On Thursday, Representatives Jim McGovern (MA-02) and Tom Emmer (MN-06) reintroduced the Freedom for Americans to Travel to Cuba Act of 2019 in the House, and Senator Patrick Leahy (D-VT) announced that he will reintroduce the bill in the Senate on Monday. CDA’s Emily Mendrala praised the legislation, stating that “The Freedom to Travel to Cuba Act of 2019 would allow Americans to directly engage with the Cuban people, especially with Cuba’s growing private sector. It is time we move past the antiquated laws and policies that have for too long divided the U.S. and Cuban people, to the detriment of both.” Read the full PRESS STATEMENT.
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This week, in Cuba news…
Previously introduced in 2017, The Freedom to Travel to Cuba Act of 2019 was reintroduced yesterday in the House by Representatives Jim McGovern (MA-02) and Tom Emmer (MN-06) and will be reintroduced in the Senate by Senator Patrick Leahy (D-VT) on Monday. The legislation would allow U.S. citizens to travel to Cuba freely, without restrictions, and to freely conduct financial transactions in Cuba. In his press statement, Senator Leahy stated, “Based on my conversations with other Senators, I am u.s.confident that if we were afforded the opportunity to vote on this bill, more than 60 Senators would support it.” He continued, “It is indefensible that the federal government restricts American citizens and legal residents from traveling to a tiny country 90 miles away that poses no threat to us… It is a vindictive, discriminatory, self-defeating vestige of a time long passed.” Read CDA’s press statement here.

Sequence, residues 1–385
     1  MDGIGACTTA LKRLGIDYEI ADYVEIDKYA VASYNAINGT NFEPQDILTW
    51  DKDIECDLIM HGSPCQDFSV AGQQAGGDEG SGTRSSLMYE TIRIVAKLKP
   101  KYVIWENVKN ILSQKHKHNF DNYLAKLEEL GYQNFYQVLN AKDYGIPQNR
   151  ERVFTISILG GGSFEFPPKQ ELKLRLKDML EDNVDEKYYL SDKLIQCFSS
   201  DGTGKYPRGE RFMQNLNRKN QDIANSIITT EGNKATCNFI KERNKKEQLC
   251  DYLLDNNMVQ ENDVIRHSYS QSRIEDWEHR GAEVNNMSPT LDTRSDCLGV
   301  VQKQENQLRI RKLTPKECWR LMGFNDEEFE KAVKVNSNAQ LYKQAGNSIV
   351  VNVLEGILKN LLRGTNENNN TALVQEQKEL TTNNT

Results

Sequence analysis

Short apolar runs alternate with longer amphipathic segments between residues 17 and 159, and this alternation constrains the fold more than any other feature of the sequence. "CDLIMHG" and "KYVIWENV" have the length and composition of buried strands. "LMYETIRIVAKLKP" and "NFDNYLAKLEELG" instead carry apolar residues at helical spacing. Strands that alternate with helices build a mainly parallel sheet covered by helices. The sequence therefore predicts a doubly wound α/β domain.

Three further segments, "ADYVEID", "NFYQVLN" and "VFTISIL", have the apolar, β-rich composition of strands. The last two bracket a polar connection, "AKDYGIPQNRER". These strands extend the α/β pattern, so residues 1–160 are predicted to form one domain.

On Friday, the U.S. State Department added four entities to its Cuba Restricted List, a list of entities and subentities with which U.S. persons are prohibited from engaging in financial transactions. The list was first published in November 2017 as directed by President Donald Trump’s National Security Memorandum on “Strengthening the Policy of the United States Toward Cuba.” The list has previously been amended four times. The additional entities included in the list as of July 26, 2019 are the Hotel Palacio Cueto, Cayo Guillermo Resort Kempinski, Casa Editorial Verde Olivo, and DSE—Departamento de Seguridad del Estado Editorial Capitán San Luis.
Doctors find differences in brains of U.S. diplomats who alleged mystery attacks in Cuba; Brain scans find differences but no injury in U.S. diplomats who fell ill in Cuba; Cuba dismisses findings of ‘sonic attack’ study
According to NBC News, a new study published in the Journal of the American Medical Association (JAMA) by University of Pennsylvania researchers determined using neuroimaging, “that a group of U.S. government workers who were potentially exposed to unexplained phenomena in Cuba have less white matter in their brains and less connectivity in the areas that control vision and hearing than similar healthy people.” As we’ve previously reported, between 2016 and 2018, several U.S. embassy personnel in Cuba were victims of what the U.S. calls “targeted attacks.” While stationed in Cuba, officials reported hearing mysterious noises and experiencing subsequent symptoms including headaches, auditory deficiencies, and impaired cognitive function.